Tag Archives: Politics

Linking Dolphins & High Fructose Corn Syrup

Note: This summary is from a blog post at The Snap Blog, where I will be blogging going forward.

Immediately after watching The Cove, I needed to catch my breath after the final 10 heart-pounding minutes. Neither my 10-year-old son, who had been sitting closely by my side, especially during the final scenes, or I could find words right away.

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Guess Who’s Controlling Our Food Supply

It’s no secret that I have a difficult time accepting genetically modified (GM) foods at face value. My primary concerns have to do with what we know, and, more importantly don’t know about how this “promising” technology may or may not be impacting human health and our environment.

For those who prefer to avoid serving as human lab rats, myself included, our non-GM food options, according to advocates of GM food, boil down to eating USDA Certified Organic, which do not allow any genetically modified seed or crops to be used on such labeled food products. Their idea of severely limiting consumer choice, since they are adamantly opposed to “GMO Inside” labeling, goes against their own argument of freedom to choose, which also goes against the very fabric of what makes America’s version of capitalism work so well.

I couldn’t imagine the situation getting much worse, but it just did.

The latest issue of Scientific American Magazine includes the chilling article “Do Seed Companies Control GM Crop Research?” The magazine’s editors take readers beyond initial “government” approval of GM food, which reportedly utilized industry-sponsored research rather than independent government research, to the current state of independent research on genetically modified seeds and crops:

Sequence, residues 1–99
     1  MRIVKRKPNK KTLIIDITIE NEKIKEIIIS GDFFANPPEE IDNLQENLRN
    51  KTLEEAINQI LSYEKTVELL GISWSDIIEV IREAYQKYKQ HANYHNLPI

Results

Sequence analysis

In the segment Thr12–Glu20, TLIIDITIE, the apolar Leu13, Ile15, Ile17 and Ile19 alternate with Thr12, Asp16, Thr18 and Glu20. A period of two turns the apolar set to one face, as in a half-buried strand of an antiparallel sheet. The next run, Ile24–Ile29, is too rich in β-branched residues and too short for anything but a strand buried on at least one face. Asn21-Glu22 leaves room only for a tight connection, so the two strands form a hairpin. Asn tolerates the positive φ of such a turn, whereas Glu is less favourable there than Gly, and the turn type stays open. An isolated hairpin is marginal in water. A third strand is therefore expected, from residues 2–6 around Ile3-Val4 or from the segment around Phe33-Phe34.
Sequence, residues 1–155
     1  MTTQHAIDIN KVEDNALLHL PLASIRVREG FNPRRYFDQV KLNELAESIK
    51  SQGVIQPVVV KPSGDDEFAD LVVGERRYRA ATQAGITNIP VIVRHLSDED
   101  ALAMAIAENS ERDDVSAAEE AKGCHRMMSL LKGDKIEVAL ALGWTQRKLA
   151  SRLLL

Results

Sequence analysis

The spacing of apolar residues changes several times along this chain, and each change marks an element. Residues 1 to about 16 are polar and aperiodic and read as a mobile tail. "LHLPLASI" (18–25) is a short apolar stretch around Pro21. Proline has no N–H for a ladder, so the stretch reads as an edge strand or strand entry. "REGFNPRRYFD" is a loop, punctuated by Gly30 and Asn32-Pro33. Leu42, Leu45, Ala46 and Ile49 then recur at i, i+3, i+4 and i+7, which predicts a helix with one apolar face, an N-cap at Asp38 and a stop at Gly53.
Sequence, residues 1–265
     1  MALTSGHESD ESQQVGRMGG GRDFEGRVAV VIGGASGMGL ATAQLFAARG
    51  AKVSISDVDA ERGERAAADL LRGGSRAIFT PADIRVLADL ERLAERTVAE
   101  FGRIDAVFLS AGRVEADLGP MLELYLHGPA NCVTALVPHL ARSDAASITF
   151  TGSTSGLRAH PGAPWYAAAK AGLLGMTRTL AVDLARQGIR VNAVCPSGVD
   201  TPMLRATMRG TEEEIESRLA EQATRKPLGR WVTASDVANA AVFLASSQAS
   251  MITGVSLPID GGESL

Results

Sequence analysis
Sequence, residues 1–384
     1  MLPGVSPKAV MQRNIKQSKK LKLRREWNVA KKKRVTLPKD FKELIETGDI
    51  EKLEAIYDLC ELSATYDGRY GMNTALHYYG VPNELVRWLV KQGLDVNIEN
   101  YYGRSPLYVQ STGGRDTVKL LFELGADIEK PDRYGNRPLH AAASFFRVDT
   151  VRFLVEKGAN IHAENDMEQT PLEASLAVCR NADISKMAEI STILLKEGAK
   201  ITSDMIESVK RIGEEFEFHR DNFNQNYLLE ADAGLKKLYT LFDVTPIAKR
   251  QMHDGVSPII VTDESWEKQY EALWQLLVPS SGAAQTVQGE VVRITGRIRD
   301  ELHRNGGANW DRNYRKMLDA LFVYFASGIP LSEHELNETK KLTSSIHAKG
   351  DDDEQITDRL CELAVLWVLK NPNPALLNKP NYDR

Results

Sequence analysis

Unfortunately, it is impossible to verify that genetically modified crops perform as advertised. That is because agritech companies have given themselves veto power over the work of independent researchers.

It would be chilling enough if any other type of company were able to prevent independent researchers from testing its wares and reporting what they find—imagine car companies trying to quash head-to-head model comparisons done by Consumer Reports, for example. But when scientists are prevented from examining the raw ingredients in our nation’s food supply or from testing the plant material that covers a large portion of the country’s agricultural land, the restrictions on free inquiry become dangerous.

It is hard to understand how a handful of companies have amassed so much control over food ingredients found in an estimated 75 percent of processed foods in America’s supermarkets. Making matters worse, and as the Scientific American editors point out, we are talking about a basic physiological need – food, which joins water, shelter and a handful of other needs defined by Abraham Maslow in his hierarchy of needs.

Without extensive independent research on GM foods on how they impact human health and the environment, the distinct possibility exists that we’re setting ourselves up for significant and potentially irreversible problems down the line.

To keep the mainstream in check, we get slick multimillion dollar advertising campaigns from company’s like Monsanto claiming they have the solution to feed the estimated 9 billion people expected on the planet in the not to distant future, among other claims. Who cares if these claims have not been independently verified. Who cares if the Union of Concerned Scientists have released a report on GM crop yields debunking industry claims of significant yield improvements.